A student union in the U.K. has allegedly blocked a prominent racial justice activist from speaking at an event over claims of Islamophobia.
Nick Lowles, director of the anti-racism organization Hope Not Hate, said the National Union of Students' Black Students' Campaign rejected an invitation for him to present at a conference, according to The Guardian.
In a Facebook post, Lowles called the group's objection "ultra-left lunacy," adding that he was accused of being Islamophobic after campaigning against Islamic extremist groups.
"Never mind all the work Hope Not Hate has done challenging anti-Muslim hatred," Lowles wrote in the post, according to The Guardian, "it seems that some activists believe I'm Islamophobic because I have repeatedly spoken out against grooming and dared condemn Islamist extremism."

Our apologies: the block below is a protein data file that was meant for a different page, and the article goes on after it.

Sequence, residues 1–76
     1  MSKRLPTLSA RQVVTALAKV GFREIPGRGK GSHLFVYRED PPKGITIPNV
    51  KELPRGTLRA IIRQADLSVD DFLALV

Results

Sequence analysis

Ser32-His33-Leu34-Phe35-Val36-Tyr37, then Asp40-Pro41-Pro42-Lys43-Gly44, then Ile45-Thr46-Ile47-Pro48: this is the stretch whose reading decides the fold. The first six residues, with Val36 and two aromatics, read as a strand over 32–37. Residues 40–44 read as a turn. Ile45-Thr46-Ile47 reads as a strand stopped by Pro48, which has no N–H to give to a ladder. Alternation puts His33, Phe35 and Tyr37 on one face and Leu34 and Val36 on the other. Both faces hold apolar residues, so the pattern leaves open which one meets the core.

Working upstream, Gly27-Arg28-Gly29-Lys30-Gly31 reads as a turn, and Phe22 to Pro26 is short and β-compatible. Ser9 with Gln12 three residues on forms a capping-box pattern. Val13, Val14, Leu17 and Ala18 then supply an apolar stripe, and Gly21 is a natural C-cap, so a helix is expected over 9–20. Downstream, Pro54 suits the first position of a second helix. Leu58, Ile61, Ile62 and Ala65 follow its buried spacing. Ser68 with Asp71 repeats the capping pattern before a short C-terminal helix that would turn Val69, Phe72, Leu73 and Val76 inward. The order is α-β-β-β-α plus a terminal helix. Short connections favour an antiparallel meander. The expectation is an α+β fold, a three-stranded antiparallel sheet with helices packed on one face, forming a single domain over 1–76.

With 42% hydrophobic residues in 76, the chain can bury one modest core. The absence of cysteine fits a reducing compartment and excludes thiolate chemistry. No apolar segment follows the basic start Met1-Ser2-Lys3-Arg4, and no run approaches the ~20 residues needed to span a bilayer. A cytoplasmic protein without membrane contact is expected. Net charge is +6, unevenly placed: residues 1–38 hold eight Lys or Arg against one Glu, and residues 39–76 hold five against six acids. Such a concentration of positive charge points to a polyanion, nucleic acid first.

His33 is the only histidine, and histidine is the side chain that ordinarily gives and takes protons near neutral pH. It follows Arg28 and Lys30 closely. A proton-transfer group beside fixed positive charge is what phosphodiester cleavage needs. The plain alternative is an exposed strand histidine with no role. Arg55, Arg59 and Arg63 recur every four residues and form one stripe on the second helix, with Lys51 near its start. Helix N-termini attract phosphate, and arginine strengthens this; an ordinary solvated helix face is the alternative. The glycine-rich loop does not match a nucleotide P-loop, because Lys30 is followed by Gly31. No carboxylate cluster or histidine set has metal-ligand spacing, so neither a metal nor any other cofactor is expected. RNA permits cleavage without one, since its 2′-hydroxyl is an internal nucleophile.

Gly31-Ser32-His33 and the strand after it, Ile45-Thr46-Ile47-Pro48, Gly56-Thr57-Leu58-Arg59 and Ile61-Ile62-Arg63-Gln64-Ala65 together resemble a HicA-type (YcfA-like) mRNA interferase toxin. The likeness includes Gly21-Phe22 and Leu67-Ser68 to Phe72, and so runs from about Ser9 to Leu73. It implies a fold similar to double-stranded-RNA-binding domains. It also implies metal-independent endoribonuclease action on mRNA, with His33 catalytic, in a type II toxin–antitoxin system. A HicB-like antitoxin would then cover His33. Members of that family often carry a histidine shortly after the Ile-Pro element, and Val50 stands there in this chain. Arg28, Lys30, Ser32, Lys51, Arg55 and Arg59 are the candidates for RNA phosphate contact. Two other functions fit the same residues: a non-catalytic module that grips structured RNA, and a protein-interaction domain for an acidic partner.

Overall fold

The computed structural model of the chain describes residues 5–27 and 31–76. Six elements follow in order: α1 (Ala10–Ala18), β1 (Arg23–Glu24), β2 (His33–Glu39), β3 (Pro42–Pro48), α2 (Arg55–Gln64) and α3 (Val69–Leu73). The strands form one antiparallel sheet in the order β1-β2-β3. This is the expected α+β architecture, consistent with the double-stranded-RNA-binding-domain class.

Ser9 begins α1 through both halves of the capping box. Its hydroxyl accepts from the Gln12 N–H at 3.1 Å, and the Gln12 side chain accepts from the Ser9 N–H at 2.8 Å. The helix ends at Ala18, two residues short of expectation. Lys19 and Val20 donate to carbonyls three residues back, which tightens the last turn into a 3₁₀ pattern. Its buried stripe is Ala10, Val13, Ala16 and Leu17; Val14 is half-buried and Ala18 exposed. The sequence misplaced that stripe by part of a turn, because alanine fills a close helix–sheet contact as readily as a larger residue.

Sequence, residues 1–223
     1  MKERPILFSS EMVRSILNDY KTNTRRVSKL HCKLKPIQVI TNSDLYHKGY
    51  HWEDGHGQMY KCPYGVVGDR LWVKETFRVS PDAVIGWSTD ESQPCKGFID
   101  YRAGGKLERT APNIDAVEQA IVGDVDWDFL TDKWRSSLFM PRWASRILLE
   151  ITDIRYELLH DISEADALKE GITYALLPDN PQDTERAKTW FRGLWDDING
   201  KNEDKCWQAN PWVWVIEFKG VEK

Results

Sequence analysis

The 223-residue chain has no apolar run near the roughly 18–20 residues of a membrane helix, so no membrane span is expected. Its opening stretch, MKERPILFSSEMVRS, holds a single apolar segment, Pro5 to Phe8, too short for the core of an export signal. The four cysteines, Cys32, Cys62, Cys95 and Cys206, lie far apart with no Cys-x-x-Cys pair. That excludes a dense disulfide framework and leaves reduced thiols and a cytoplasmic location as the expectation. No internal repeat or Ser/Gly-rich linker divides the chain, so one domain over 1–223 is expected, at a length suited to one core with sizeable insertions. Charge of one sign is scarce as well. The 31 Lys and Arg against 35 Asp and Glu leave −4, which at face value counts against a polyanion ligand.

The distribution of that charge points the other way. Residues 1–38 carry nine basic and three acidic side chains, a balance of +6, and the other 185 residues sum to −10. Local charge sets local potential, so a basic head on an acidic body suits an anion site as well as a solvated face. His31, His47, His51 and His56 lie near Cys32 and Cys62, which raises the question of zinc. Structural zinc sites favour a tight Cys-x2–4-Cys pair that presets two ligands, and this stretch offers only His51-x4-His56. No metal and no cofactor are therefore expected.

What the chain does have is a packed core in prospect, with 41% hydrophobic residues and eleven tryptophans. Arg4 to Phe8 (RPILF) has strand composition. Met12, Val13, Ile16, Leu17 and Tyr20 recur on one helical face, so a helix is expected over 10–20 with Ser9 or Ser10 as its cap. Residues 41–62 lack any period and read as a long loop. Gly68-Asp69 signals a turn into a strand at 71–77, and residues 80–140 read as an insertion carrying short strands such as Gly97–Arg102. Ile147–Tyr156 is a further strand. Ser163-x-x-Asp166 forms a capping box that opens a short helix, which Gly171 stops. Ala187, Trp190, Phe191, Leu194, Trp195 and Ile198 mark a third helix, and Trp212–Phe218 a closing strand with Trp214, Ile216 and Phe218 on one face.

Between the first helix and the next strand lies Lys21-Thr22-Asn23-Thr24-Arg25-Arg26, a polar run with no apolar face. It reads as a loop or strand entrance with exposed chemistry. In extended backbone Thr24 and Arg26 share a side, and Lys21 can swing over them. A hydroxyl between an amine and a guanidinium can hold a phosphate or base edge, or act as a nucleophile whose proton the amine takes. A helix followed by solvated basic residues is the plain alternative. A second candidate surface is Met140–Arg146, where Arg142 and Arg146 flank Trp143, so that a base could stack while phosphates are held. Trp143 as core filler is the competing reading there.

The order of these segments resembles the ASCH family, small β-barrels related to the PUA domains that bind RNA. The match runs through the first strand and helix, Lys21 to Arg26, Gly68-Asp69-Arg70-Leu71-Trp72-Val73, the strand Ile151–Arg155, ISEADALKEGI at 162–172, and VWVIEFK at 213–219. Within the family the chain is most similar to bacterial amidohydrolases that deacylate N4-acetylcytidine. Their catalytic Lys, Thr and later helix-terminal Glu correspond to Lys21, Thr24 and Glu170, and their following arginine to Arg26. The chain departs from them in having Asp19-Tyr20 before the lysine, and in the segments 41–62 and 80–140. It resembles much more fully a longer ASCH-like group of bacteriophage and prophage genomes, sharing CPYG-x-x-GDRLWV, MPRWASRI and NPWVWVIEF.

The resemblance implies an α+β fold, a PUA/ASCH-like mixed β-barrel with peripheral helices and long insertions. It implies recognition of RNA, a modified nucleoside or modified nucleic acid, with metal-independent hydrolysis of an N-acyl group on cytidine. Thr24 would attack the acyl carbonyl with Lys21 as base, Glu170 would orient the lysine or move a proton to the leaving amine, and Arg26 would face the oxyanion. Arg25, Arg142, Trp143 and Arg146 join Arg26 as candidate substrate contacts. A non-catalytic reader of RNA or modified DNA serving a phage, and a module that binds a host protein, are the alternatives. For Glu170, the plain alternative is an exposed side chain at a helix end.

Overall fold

The student union reportedly prevented Hope Not Hate from attending the conference due to comments from several students.
"It's amusing in its absurdity but it does reflect the failure of a small section of the left to understand that we have to confront extremism and intolerance in all its forms," Lowles told The Guardian. "My issue is with this small group of political activists and not with NUS itself, who I believe were unaware of this."
NUS president Megan Dunn said the union does not oppose Hope Not Hate as an organization.
"I would happily share a platform with anyone from Hope Not Hate tomorrow," Dunn said. "Representatives from Hope Not Hate, including Nick Lowles, have and continue to be invited to NUS events. I have tried to clarify this issue with Mr. Lowles but have been unable to contact him."